100 tigers, but where's the forest?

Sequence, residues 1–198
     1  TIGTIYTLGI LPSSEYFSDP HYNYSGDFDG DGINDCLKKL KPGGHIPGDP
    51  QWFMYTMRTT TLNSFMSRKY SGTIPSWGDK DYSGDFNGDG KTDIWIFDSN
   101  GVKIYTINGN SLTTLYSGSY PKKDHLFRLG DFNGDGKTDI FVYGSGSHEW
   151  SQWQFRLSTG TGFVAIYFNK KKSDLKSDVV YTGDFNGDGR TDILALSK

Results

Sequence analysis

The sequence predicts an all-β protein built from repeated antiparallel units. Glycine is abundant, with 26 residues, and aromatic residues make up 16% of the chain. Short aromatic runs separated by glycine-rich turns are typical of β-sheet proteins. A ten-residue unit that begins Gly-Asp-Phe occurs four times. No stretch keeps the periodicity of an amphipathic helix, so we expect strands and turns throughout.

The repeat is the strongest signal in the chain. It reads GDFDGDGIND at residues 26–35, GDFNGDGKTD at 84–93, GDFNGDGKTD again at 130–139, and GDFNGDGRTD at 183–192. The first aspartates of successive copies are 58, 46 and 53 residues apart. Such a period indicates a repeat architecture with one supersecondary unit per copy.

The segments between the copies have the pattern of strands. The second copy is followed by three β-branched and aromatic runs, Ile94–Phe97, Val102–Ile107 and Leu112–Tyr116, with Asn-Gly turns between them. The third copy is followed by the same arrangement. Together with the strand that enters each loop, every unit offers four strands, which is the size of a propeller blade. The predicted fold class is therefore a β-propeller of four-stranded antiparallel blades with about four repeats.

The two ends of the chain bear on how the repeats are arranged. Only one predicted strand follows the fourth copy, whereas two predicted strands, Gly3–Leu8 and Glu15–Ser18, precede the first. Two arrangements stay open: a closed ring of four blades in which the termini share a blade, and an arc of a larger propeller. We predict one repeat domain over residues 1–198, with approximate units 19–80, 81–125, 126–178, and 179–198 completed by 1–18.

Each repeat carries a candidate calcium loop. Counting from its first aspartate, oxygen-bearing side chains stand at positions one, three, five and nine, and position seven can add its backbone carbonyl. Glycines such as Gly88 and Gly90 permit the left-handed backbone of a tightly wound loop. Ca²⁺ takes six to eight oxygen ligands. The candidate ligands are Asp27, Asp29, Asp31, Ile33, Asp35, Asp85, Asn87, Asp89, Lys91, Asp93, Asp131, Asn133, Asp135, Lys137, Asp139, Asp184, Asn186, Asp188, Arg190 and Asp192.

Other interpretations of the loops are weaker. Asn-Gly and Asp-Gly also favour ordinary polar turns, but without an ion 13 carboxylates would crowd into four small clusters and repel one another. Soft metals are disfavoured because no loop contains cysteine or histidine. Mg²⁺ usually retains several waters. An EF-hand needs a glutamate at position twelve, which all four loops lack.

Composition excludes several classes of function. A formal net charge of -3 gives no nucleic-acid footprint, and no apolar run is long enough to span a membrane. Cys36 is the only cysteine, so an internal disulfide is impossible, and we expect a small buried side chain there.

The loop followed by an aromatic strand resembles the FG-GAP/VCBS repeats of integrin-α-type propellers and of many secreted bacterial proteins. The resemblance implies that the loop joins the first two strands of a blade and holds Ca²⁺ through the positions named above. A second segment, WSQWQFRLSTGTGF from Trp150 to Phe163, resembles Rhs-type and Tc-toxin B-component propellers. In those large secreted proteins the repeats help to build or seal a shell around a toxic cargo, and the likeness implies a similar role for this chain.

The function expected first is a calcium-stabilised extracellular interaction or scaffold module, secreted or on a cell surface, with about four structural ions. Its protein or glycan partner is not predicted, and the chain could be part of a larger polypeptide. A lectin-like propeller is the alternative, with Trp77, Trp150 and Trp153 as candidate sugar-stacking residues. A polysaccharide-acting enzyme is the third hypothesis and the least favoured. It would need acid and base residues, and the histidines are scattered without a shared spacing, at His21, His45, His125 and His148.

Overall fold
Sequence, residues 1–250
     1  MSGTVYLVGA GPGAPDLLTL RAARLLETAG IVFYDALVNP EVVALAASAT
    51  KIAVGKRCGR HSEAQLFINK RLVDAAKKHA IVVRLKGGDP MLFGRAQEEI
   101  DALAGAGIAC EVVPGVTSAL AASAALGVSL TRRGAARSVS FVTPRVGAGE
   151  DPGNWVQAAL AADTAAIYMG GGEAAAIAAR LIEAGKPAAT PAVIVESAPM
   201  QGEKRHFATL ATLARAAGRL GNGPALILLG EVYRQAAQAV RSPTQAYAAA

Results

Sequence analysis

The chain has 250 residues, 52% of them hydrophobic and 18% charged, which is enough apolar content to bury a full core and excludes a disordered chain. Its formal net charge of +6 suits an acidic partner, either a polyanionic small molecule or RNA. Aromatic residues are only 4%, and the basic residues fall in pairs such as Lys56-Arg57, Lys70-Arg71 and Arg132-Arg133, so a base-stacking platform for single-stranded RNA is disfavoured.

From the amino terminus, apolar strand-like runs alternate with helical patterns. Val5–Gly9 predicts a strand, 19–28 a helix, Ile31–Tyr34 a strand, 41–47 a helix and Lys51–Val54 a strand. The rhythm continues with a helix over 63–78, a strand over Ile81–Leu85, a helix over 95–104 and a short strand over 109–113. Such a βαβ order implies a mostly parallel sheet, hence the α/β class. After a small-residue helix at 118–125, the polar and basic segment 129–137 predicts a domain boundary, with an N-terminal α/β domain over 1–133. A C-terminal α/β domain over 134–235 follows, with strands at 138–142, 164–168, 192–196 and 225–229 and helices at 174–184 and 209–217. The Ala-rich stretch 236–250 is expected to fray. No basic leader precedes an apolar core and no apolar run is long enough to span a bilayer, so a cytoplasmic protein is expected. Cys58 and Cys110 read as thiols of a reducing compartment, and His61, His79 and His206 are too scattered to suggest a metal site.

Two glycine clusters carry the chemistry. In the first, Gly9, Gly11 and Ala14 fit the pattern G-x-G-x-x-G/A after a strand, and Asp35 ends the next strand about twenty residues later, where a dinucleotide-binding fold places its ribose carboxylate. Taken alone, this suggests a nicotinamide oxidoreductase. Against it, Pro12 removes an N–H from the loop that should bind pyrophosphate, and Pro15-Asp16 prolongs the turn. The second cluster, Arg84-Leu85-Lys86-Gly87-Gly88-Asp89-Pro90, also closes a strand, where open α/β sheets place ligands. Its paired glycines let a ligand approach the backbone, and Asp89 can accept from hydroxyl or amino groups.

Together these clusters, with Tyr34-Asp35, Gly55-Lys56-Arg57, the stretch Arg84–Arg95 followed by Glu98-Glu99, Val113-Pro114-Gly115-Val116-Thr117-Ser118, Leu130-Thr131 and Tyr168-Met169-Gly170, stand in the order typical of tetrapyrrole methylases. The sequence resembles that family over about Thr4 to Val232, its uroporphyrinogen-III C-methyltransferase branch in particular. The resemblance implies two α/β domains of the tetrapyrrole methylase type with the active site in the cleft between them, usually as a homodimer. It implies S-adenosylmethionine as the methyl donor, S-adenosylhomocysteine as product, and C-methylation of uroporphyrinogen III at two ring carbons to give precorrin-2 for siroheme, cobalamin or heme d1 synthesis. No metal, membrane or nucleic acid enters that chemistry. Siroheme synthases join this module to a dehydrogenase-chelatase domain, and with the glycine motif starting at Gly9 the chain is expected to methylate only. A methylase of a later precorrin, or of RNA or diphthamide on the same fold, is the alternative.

The Chinese, in all their ecological ignorance, have reason to be proud. After systematically decimating all things living from their once-bountiful land, they now expect to be felicitated for their 'conservation' efforts. China announced on May 22 that it expects the birth of 100 Siberian Tigers at the Manchurian Tiger Park in the city of Harbin. The cats, bred entirely in captivity, are likely to have limited or no hunting or survival skills (a publicity shot shows a young tiger relishing a chicken). But even if some of them survive, where is the habitat available for their successful reintroduction? Wildlife biologist and noted tiger researcher Dr. Ullas Karanth showed, in his documentary 'Tigers: Fighting Back' that though the tiger is adaptive enough to change its millennia-old habits -- such as the need for large territories -- it still needs undisturbed habitat and plentiful prey in order to survive and successfully reestablish itself at the apex of the food chain. There are, at present, about 400 wild Siberian tigers in the wild, and nearly all are at risk from poachers who hunt them for their hide and for their bones and sexual organs, which Chinese quacks covet for supposed aphrodisiac properties. Captive breeding and reintroduction may work in the case of smaller mammals, which are less territorial. But in the case of the tiger, this is a dubious achievement. Case in point: at a lecture following the screening of 'Tigers: Fighting Back' in Bangalore last year, Dr. Karanth was interrupted by a middle-aged man who claimed to be a senior veterinarian. He earnestly offered to set up 'farms' where he could help breed the tigers. He imagined that tigresses, like heifers, would be injected with fertility hormones to breed faster and more prolifically. He was confident that he could solve the crisis within a few years. Dr. Karanth heard him out and responded that merely bloating the tiger's population would not solve the problem. It is more important to preserve its habitat, allow it to return to its winning ways and settle itself once more at the top of the food chain. Are the Chinese 'conservationists' listening?